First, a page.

Our mechanistic model predicted a spectrum of muscle spindle firing phenotypes identified in passive stretch conditions by varying the sensitivity (gain) of driving potentials to biophysically predicted intrafusal fiber force and yank (Figure 4B). The predicted muscle spindle firing phenotypes closely resembled biological firing phenotypes discussed earlier. As a result of our chosen kinetic scheme, history-dependent forces emerge within our simulated intrafusal muscle fibers from cross-bridge population dynamics (Figure 4C). When the muscle is at rest, the spontaneous formation and breakage of cross-bridges is at steady-state equilibrium (Figure 4C, time 1). As soon as a stretch is applied, the population of attached cross-bridges is also stretched, resulting in a short period of high-stiffness force response, known as short-range stiffness (Figure 4C, time 2; Lakie and Campbell, 2019). Once these cross-bridges are stretched to their limits, they break and a new attachment equilibrium is reached during the remainder of stretch (Figure 4C, between times 2 and 3). If the muscle is shortened back to the original length, the cross-bridges will shorten (Figure 4C, time 4 – note the distributions shift leftward). In this case, the force in the fibers will decrease until the fibers are slack (Figure 4C, time 5), at which point the cross-bridges will shorten the muscle fibers against zero load until the slack length is reduced to zero, or another stretch is applied (Figure 4C, time 6). If the fibers are not given enough time to return to steady-state equilibrium (e.g. Figure 4C, time 1), a stretch will result in qualitatively different, history-dependent force and yank responses.

A biophysical muscle spindle model predicts a variety of classic muscle spindle firing phenomena

A truly general model of a muscle spindle would predict firing properties across different experimental contexts without any fundamental changes to the model structure or parameters. Using a single, nominal set of parameters in our muscle spindle model, we tested whether a variety of classical muscle spindle firing characteristics during passive stretch would emerge, including: fractional power relationship with stretch velocity (Matthews, 1963), history-dependence (Haftel et al., 2004), and increased firing due to gamma motor neuron activation (Boyd et al., 1977; Crowe and Matthews, 1964a; Crowe and Matthews, 1964b). To demonstrate the ability of the mechanical signals themselves to predict the properties observed in Ia afferent firing rates, we examined simulated driving potentials rather than creating additional degrees of freedom in our model with a spike generating process.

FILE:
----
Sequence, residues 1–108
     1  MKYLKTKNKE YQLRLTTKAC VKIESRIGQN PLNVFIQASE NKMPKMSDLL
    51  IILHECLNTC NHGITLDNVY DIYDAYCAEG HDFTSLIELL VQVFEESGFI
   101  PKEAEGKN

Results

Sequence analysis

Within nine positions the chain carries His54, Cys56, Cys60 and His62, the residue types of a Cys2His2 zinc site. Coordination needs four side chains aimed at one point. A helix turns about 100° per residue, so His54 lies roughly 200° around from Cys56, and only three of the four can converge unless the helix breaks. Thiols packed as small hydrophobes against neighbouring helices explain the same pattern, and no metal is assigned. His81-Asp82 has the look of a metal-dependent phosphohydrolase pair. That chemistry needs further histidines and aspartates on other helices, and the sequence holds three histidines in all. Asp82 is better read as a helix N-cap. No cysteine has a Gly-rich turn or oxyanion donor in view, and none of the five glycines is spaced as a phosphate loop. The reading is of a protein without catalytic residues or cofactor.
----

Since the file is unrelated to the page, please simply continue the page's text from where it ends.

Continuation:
In our model, the scaling properties of muscle spindle dynamic responses and initial bursts with increasing velocity during passive muscle stretch arise from intrafusal cross-bridge kinetics. More specifically, the strain dependence of the cross-bridge detachment rates produces force profiles that contain linear increases in short-range stiffness and sublinear increases in force dynamic response as a function of stretch velocity. In a series of constant velocity stretches relative to optimal muscle length, L0(0.1–1.0 L0/s in 0.1 L0/s increments; Figure 5A), we computed the ‘dynamic index’, classically defined as the difference in firing rate between the end of the ramp and after 0.5 s of isometric hold, which increases with stretch velocity (Figure 5B–C; Matthews, 1963). We predicted a sublinear increase in dynamic index with stretch velocity, emergent from intrafusal mechanics, resembling the classically reported fractional-power velocity relationship in muscle spindle firing rates (Figure 5C; Houk et al., 1981). In the same simulations, linear scaling of initial burst amplitude with stretch acceleration was predicted (Schäfer and Kijewski, 1974; Schäfer and Schäfer, 1969). Initial burst scaling was emergent from intrafusal muscle fiber yank at the onset of stretch due to the elasticity of attached cross-bridges that then detach rapidly after being stretched a small fraction of L0 (Hasan and Houk, 1975; Matthews and Stein, 1969). To our knowledge, neither of these phenomena has been previously demonstrated to arise from the same mechanistic model.

Muscle spindle firing dynamics emerge from cross-bridge mechanisms during simulated muscle stretch.

Simulations assume a low level of muscle cross-bridge cycling consistent with relaxed muscle. Length displacements were imposed on the muscle fiber. (A) Predicted driving potentials (upper traces) during ramp stretches of varying velocity and acceleration (lower traces). (B) Classical data showing Ia afferent firing modulation with different stretch velocity (Matthews, 1963). (C) Dynamic index emergent from cross-bridge mechanisms. Dynamic index is defined classically as the ratio of firing rate at the end of the ramp phase and the firing rate 0.5 s into the hold phase (upper diagram). The muscle spindle model exhibits a sublinear relationship between dynamic index and stretch velocity (middle plot – colors correspond to A), similarly to classical findings (bottom plot). (E) Linear acceleration scaling of initial burst emergent from cross-bridge mechanisms. Initial burst amplitude is defined as the difference between peak firing rate during initial burst and baseline. Muscle spindle model exhibits linear scaling with stretch acceleration at stretch onset (top plot), which is consistent with classical findings (bottom plot – Schäfer and Schäfer, 1969). Figure 5B,C (bottom panel) is reproduced from Matthews and Stein, 1969 with permission from John Wiley and Sons. These images are not covered by the CC-BY 4.0 license and further reproduction of these panels would need permission from the copyright holder. Figure 5D (bottom panel) is redrawn from Schäfer and Schäfer, 1969 with permission from Springer Nature.